How to Map Android Buttons

Map Android Buttons

At first glance, it may seem that an Android terminal is a kind of monolithic effigy, which cannot be modified beyond the two or three visual tweaks that we all know, but it is not like that by any means. Take Android buttons for example they have default functions that cannot be changed in theory. But, as in other areas, the theory does not always correspond to practice.

Map Android Buttons

There are ways to make, for example, pressing the volume up button twice, turn on the flashlight of the terminal. If you know-how, you can link your Android keypad to practically anything. And we are here to tell you.

Configure Android buttons with Button Remapper

To reconfigure how the buttons on your smartphone behave, simply download and install an application called Button Mapper. And in case it doesn’t give you a lot of confidence, suffice it to say that it has been created under the umbrella of XDA Developers, the largest Android community of developers and users on the Internet.

Once you have it installed, you will go through a small tour that shows you the capabilities of the app and that warns you: Button Mapper only works with physical buttons. Once the first phase has been passed and with the relevant permissions granted, this will be the first thing you see:

Keep in mind that nowadays mobile phones have a reduced number of physical buttons: volume up and down and, in the case of Samsung terminals, the Bixby button. These buttons have been disappearing to make way for some directly integrated into the terminal interface and navigation by gestures.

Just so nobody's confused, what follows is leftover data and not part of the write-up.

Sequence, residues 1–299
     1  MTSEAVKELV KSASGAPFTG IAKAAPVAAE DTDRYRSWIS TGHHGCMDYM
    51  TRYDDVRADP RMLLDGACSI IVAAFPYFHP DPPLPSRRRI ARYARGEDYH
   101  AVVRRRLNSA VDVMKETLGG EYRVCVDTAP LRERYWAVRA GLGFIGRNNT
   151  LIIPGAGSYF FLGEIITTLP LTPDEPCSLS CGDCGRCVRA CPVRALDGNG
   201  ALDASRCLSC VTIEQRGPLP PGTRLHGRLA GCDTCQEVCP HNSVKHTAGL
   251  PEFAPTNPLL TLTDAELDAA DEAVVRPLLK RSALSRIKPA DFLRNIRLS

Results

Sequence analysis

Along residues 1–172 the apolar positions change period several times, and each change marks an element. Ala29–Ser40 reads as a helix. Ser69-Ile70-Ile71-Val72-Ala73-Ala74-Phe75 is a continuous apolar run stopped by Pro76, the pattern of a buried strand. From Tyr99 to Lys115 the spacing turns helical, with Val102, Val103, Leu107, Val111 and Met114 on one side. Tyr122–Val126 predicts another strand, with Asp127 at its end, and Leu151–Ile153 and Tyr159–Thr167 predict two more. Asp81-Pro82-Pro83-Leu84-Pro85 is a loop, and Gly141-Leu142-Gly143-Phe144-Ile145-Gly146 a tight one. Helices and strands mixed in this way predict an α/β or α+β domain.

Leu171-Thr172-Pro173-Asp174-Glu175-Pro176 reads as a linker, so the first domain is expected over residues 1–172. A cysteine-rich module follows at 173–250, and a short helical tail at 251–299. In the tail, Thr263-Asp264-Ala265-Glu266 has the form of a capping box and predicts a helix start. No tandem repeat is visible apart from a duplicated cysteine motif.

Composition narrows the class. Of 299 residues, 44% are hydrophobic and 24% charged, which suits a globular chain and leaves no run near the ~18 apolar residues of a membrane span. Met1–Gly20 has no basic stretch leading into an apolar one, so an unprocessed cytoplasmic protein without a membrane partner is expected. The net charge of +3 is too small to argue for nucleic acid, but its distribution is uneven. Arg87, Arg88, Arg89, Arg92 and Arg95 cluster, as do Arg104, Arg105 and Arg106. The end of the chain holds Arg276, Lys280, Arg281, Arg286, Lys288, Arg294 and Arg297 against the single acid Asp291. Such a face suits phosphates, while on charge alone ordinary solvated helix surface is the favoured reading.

Click on Customize to be able to modify its values. Now click on one of the options and you will see the following on the screen

Remap Your Android Phones

In our case, we have configured it to open Spotify every time the volume up button is double-clicked. If you click where it says Actions you will see that the behaviour of the button can be customized in many ways:

Button Mapper also allows you to set shortcuts for system functions (such as mute the phone’s ringtones and notification or activate vibrate mode), create shortcuts to applications (like the one we just did) or perform specific actions (such as turning on and turn off the flashlight or access the camera app).

All this is available in the free version of the application since to unlock somewhat more advanced functions it will be necessary to go through the box. In any case, with what Button Mapper offers you in its basic version, you should have more than enough.